“How are you today, Mr Fox?” Frank asked as he arrived in the forest clearing.

The fox made no move other than its regular little head tilt. It sat at the far side of the space, watching Frank — in the open but near enough to the underbrush that it could scurry away if necessary. It was the same location the creature had sat every time the boy had come to visit. Except for the first time, of course.

“Not talkative today?” Frank asked. He chuckled to himself. These were the same questions he asked it every day. And every day there was no response. Of course, he didn’t expect it to answer, it was a fox after all. But the creature was a familiar sight now, after these past few weeks, and it felt right to Frank to treat it like a friend. Especially after what they had been through together.

While the animal hadn’t done anything directly to help Frank, it had listened to him. In the beginning, to be sure, it hadn’t had much choice. But now, every time he came, it sat, watching, absorbing it seemed, every word that the little boy said. And Frank said a lot.

“Momma’s still not completely well, though she’s doing better every day,” Frank said as he sat down a few feet away from the fox. “And they still haven’t been able to find the person that attacked her. Though Gabby, he’s our neighbour, managed to slash them with his knife. It was lucky he was up so early. He was getting ready to go to the market over in Havenworth.”

Frank continued, telling the same story he had on several other days. “Anyway, a bunch of people followed the trail of blood from the wound but it disappeared outside town. At least it doesn’t look like the attacker is going to come back. It’s been a month now.” The boy shrugged. “So, that’s good I guess.”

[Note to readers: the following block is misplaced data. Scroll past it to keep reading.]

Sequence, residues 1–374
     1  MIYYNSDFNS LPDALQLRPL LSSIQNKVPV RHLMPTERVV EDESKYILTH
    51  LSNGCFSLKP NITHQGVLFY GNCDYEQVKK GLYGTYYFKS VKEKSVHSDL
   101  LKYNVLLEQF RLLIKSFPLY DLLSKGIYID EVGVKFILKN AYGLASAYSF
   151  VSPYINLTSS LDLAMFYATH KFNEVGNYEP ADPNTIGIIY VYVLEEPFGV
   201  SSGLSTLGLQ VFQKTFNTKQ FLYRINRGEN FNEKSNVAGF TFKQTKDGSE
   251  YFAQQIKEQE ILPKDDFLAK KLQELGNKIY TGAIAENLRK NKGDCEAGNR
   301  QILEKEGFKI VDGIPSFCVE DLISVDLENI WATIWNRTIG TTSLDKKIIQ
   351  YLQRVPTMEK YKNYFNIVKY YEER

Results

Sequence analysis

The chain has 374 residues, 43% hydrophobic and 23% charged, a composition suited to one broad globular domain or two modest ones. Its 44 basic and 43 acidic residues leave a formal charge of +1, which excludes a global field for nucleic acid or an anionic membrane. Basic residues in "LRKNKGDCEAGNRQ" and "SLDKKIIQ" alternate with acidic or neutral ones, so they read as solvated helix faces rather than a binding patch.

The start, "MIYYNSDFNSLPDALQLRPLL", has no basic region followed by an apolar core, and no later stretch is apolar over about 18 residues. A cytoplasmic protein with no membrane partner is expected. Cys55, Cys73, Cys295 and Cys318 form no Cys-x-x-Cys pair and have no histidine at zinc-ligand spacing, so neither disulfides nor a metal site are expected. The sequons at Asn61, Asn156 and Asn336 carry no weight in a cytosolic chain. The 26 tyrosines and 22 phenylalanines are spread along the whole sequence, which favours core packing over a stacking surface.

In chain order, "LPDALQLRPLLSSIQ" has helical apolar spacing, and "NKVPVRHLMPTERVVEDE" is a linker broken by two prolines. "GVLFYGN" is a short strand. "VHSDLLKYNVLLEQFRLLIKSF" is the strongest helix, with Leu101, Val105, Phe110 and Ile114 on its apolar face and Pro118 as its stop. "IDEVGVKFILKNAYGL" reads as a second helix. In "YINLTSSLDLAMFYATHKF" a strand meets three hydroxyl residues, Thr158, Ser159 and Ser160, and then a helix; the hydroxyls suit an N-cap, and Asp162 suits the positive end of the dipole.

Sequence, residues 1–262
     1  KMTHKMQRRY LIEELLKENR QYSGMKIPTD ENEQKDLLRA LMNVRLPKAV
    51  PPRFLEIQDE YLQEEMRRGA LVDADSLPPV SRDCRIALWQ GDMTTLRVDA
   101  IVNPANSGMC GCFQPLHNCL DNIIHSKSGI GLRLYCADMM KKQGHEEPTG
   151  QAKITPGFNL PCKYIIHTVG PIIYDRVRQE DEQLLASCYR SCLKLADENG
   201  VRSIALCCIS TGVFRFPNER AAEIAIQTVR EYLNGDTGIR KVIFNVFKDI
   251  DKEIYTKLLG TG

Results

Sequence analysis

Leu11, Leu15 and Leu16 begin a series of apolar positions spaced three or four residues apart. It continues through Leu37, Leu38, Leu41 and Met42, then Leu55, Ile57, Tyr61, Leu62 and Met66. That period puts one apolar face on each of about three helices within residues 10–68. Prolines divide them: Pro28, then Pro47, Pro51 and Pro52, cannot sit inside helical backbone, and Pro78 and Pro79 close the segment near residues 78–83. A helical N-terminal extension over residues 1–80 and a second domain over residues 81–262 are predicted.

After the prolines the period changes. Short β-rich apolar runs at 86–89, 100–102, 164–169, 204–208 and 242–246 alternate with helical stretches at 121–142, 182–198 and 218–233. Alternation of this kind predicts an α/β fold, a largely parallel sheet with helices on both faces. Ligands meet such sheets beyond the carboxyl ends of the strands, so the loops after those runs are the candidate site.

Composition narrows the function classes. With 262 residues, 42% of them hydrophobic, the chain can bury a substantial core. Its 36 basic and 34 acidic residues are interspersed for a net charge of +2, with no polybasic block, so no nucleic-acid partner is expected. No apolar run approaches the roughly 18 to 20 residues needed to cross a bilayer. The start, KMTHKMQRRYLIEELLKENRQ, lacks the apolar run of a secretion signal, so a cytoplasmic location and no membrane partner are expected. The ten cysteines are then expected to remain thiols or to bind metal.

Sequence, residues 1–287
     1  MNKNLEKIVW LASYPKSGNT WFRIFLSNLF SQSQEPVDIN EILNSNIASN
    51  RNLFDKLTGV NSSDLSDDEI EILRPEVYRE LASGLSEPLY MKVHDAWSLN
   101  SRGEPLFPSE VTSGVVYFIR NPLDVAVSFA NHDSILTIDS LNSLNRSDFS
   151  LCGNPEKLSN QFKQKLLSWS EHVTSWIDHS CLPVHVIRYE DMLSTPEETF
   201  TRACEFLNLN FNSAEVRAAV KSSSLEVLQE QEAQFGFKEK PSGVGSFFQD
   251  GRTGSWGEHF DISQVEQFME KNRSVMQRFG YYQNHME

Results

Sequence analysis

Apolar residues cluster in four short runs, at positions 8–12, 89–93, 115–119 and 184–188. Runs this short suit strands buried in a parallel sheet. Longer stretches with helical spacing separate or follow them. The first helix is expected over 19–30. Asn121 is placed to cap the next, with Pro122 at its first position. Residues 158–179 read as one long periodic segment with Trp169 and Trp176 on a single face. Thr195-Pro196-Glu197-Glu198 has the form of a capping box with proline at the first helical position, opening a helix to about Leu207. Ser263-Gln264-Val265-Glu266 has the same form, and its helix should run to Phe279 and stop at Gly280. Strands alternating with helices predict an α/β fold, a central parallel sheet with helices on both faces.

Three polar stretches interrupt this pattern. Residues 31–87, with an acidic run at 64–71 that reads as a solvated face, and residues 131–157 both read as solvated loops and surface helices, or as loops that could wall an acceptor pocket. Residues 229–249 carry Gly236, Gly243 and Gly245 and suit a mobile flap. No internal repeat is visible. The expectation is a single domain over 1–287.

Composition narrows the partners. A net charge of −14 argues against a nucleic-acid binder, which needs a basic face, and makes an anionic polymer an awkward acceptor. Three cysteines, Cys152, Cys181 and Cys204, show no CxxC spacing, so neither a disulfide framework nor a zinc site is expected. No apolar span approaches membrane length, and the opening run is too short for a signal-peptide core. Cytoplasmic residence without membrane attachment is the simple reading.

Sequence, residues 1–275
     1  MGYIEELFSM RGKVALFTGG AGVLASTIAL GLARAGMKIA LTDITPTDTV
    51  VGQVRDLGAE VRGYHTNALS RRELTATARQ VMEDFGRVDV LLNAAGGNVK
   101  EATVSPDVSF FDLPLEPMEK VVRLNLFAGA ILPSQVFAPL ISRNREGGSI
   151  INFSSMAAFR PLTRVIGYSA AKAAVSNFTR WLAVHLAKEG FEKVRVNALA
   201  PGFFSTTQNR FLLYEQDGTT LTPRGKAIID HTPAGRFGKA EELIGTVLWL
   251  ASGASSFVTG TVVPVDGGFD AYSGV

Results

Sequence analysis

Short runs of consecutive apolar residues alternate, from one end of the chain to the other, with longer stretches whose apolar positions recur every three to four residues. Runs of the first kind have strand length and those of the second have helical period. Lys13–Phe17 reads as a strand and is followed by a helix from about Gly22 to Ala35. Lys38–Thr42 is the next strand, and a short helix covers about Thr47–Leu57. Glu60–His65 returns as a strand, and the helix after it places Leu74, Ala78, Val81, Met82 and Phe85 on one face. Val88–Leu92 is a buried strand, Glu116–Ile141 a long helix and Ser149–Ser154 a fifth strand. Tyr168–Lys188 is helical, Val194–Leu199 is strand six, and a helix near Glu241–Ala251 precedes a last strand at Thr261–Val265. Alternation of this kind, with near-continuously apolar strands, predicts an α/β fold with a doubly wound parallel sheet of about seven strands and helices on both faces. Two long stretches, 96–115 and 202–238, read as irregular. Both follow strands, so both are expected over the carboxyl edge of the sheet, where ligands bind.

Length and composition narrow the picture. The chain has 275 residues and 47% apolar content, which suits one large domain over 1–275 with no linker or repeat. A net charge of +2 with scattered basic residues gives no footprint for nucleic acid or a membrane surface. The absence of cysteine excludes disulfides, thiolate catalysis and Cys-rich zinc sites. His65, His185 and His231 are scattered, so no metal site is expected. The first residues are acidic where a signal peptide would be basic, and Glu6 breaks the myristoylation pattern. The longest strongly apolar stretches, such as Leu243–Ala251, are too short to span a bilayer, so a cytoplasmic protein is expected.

The fox lowered its head, as if sad.

Frank eyed the fox’s left hind leg. “I see you’re doing much better too. I’m glad you’re healing well.”

As if understanding, and wanting to show that it was so, the fox walked a few paces toward Frank and sat again.

“Wow, that’s great! You’re not limping at all now. I’m sure you can hunt for yourself again too, but, well, I brought you something so I’ll give it to you anyway.”

Frank reached into the sack he carried and pulled out a cloth napkin. He peeled back the layers to reveal several thick pieces of raw bacon. With a little flick, he tossed one of them toward the fox. The meat landed a couple of feet away from it.

The creature made no move. At first. Then, as if not wanting to seem too eager, it stood and took its time covering the distance to the bacon. It picked it up and chewed, watching Frank. When the meat was gone it eyed the remaining pieces Frank still had in the napkin. The boy held out one of them at arm’s length.

“Come and get it.”

The fox rolled its eyes in a very human fashion before covering the distance between it and Frank. It stopped with its snout almost laying in the boy’s hand. Frank lowered the meat a little and the fox took it. It ate there, not moving away.